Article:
Software as a Service will evolve in 2015

2015: The year that software licensing democratises, the reality of SaaS is revealed, and app stores show their worth to the IT function within business (not just the employees). This year, enterprises can make a choice between offensive and defensive strategies when it comes to managing their most costly asset. Those who get ‘predictive’, implementing processes and technologies to get full visibility on their software licenses, will be able to significantly reduce costs and corporate risk. For those who take a reactive approach, be warned- software audits will continue unabated and with even greater frequency.

To best prepare IT pros for the year ahead, here are our predictions on the new directions the industry will take.

1. All is not what it seems with SaaS

While we can expect enterprises to continue implementing Software-as-a-Service (SaaS) applications, such as salesforce.com, some of the major benefits touted by the SaaS movement – that SaaS lowers overall costs and eliminates waste around software spend – will prove to be incorrect. Organisations will learn that hidden waste remains within their SaaS budget, and they need to be proactive about understanding the licensing complexities around SaaS apps. This means implementing the appropriate Software License Optimisation processes and technology to manage that complexity, minimise spend, and ensure they are only licensing the number of seats they need.

2. Software licensing will democratise

The era of the perpetual license monopoly on software will be over in 2015. Companies are realising that a multiplicity of purchasing models for software can better align their cost to value- for example, subscription licenses and utility models where you pay by specific types of use – such as number of transactions processed or number of features used. But a single licensing model will not prevail and companies will need to learn how to manage an increasingly diverse and complex stable of software titles.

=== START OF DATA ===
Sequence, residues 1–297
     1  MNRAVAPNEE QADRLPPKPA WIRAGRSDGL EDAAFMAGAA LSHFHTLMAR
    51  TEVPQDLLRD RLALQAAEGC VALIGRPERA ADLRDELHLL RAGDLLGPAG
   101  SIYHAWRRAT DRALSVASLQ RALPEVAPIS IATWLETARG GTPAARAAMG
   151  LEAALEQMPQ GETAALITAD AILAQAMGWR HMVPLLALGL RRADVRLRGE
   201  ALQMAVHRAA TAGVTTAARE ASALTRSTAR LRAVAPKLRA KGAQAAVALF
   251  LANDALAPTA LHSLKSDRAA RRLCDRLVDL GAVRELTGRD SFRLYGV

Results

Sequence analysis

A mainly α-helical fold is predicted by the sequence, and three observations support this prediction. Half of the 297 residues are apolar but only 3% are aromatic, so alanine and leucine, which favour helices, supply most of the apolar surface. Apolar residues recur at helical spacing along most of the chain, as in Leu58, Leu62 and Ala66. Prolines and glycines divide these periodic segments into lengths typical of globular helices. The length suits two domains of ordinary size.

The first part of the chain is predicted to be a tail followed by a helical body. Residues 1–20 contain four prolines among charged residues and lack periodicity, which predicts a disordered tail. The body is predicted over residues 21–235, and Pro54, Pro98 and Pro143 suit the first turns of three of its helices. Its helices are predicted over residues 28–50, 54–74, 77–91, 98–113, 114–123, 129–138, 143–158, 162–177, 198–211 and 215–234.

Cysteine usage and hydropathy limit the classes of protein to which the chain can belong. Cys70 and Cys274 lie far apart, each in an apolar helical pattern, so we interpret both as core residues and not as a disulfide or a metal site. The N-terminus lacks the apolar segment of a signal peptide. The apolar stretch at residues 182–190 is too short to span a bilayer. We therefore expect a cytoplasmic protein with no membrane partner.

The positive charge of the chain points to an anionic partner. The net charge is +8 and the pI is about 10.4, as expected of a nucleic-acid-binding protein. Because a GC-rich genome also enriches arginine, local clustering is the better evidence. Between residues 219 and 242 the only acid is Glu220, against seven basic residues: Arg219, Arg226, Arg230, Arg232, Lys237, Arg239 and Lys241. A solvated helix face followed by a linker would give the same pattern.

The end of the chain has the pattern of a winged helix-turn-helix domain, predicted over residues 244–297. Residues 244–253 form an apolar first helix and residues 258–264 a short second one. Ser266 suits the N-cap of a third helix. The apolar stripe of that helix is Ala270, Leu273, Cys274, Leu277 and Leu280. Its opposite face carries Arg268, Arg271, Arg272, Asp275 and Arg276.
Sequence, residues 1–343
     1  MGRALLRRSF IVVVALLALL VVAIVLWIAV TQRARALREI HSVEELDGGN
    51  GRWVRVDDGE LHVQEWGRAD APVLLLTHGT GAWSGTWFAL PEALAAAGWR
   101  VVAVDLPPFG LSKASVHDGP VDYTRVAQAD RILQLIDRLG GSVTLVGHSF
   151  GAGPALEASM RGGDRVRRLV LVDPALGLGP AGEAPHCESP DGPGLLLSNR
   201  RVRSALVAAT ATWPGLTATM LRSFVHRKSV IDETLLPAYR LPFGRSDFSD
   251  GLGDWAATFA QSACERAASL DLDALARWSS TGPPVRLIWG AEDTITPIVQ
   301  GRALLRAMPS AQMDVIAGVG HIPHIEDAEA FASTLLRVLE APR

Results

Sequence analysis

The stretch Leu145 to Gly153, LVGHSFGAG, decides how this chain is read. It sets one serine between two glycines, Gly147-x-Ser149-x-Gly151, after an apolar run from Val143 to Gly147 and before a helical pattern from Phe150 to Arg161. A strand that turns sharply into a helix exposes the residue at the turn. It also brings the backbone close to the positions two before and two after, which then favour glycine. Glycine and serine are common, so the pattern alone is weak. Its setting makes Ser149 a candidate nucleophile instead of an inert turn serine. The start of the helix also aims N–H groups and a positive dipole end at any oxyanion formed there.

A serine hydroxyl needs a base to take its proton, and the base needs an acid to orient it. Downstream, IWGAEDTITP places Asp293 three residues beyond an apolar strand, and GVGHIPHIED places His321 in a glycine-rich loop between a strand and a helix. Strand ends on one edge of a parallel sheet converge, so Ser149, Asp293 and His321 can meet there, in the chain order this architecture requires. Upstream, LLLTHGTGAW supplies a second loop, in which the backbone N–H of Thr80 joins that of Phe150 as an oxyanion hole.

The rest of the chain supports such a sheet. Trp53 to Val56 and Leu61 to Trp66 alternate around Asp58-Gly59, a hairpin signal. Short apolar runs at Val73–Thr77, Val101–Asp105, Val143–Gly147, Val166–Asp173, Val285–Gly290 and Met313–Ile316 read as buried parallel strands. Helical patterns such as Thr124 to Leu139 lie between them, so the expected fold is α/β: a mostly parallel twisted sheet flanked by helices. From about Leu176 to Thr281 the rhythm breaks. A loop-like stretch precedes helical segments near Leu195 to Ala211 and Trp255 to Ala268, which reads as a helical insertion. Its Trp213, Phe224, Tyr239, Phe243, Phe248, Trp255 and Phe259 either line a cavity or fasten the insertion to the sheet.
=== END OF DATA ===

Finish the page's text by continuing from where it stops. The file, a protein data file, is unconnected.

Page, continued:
3. App stores will become key enablers for IT services delivery

In 2015, the utility of self-service enterprise app stores will expand beyond that of simply providing employee access to company apps. IT will discover that app stores are an ideal environment to consolidate disparate and separately-managed systems – such as mobile and desktop application management. App stores will also be used to enable proactive license management by integrating application requests into existing Software License Optimisation processes and enabling employees to partner with IT in managing application usage, reclaiming unused applications, and minimising waste.

4. Vendor software audits will increase – adding to corporate risk

Software vendors’ ability to hit their bottom-line revenue targets will continue to rely upon true-up fees extracted from customers via invasive software license audits. Consequently, the common vendor practice of conducting these audits will continue unabated in 2015, impacting the cost and risk profile of companies of all sizes. According to our recent survey, in 2014 21 per cent of these audits yielded fees to vendors of $1 million or more, with Microsoft the most aggressive auditor.

5. Agile release cycles overwhelm IT teams

The agile development trend will continue in 2015, resulting in more-frequent application enhancements. These enhancements will involve the full spectrum of enterprise applications, from major application upgrades, such as operating system enhancements, to minor patches and bug fixes. Because IT teams must undertake the same processes to test new applications, identify potential problems and fix them before rollout – IT teams will hit a tipping point in 2015 as the volume of work exceeds the ability to deliver. More widespread adoption of Application Readiness best practices and automation will however drive consolidation of these activities as IT teams are forced to do more with less.

6. Vulnerability will be dependent on Application Readiness maturity

Companies run on software, and accordingly their ability to implement the latest and greatest software packages and upgrades, when they are strategically needed by the business, impacts competitive advantage. While Application Readiness (e.g. The processes of: identifying target applications; rationalising those apps to minimise redundancy, assessing compatibility, migration planning, fixing errors and repackaging the app, and handing it off to the deployment system) will become essential for business (i.e. migrating off unsupported Windows XP) – some organisations will achieve Application Readiness maturity sooner than others in 2015, giving them a competitive advantage, and leaving the laggards more vulnerable to IT failure, user dissatisfaction and business risk.

Source: Mark Bishof is CEO of Flexera Software.

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